Therapies to reach a functional cure for hepatitis B virus may differ among the phases of hepatitis B, including new antiviral agents and immunomodulatory strategies, the study authors predicted.
Deaths from hepatitis B virus are expected to peak at 1.14 million by 2035, highlighting the importance of finding successful interventions and treatments, according to a paper published in The New England Journal of Medicine.
Investigators from London outlined new investigational therapies in development for hepatitis B virus in order to explain that prophylactic vaccination alone will not alleviate the hepatitis B burden.
“Innovative curative strategies could reshape the treatment of chronic hepatitis B,” the study authors wrote. “Maintaining momentum in developing such strategies will require continued investment and patient involvement, as well as a candid realization that the search for a cure for chronic hepatitis B presents myriad challenges.”
According to the study authors, some of these promising therapies are sought for the purpose of reducing the need for lifelong treatment, or a true cure. The most advanced treatments include:
Entry inhibitors aim to inhibit the entry of hepatitis B and hepatitis D viruses by binding to and inactivating the sodium taurocholate cotransporting polypeptide, the study authors explained. This entry inhibitor has not been proved in monotherapy to reduce hepatitis B.
Nucleic acid polymers have been tested in combination with tenofovir and pegylated interferon, the study authors wrote. In one study, at 48 weeks of follow-up, hepatitis B surface antigen (HBsAg) was undetectable in 14 of 40 study participants.
Capsid assembly modulators were designed to disrupt pgRNA63 development and several classes exist, the authors said. They produce decreases in hepatitis B DNA levels and hepatitis B RNA levels within 28 days, but once they are discontinued, the progress vanishes, which the study authors said underlines the inability of these capsid assembly modulators to eradicate hepatitis B DNA. “The place of CAMs in curative strategies remains uncertain,” they said.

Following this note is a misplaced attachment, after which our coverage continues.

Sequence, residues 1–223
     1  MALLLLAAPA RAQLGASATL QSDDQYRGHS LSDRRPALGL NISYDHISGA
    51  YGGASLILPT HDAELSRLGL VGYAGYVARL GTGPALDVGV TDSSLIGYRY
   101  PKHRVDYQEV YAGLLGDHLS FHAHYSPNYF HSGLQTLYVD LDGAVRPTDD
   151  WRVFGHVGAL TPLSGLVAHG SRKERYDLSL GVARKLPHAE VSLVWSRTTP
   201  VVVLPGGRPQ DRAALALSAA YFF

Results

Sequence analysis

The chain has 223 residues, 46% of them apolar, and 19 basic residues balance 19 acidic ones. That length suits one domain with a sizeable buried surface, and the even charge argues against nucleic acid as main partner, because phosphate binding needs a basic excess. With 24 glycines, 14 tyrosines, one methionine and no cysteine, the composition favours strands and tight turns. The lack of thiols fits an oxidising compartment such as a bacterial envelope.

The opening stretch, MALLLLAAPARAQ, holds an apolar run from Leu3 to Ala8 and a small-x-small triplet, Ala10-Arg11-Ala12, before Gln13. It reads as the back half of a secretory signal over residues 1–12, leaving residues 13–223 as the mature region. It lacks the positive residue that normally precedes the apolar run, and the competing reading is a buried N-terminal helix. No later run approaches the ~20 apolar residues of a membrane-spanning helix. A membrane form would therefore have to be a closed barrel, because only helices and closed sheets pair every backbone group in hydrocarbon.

RNA interference, including both siRNA and antisense oligonucleotides (ASOs) target RNA degradation are designed to stop hepatitis B reproduction. SiRNA has a longer duration than ASOs, the study authors said. After 48 weeks of a phase 2b clinical trial, 74 percent of patients treated with a siRNA had HBsAg level of less than 100 IU per milliliter, but no patients were considered functionally cured at 24 weeks, the study authors said. A phase 2b study found HBsAg levels declined to less than 100 IU per milliliter at the end of treatment in 63 percent of patients who received 300 mg of an ASOs (bepirovirsen) plus a nucleoside analogue and in 59% of those who did not receive a nucleoside analogue, which the study authors called “encouraging findings” even if a functional cure had not been reached.
The study authors also considered immunomodulatory therapy, and said direct antiviral agents alone are likely inefficient to reach a functional cure. For example, pegylated interferon alfa is being added to siRNA in clinical trials, and a drug used in cancer treatment has had limited initial effects. There are also vaccines in development for testing in combination after siRNA use.
“The combinations of new antiviral agents and immunomodulatory strategies that will achieve a functional cure may differ for different phases of hepatitis B,” the study authors wrote. “While we look beyond current treatments, we should not lose sight of the cardinal responsibility to improve awareness and access to treatment of hepatitis B with existing antiviral therapies.”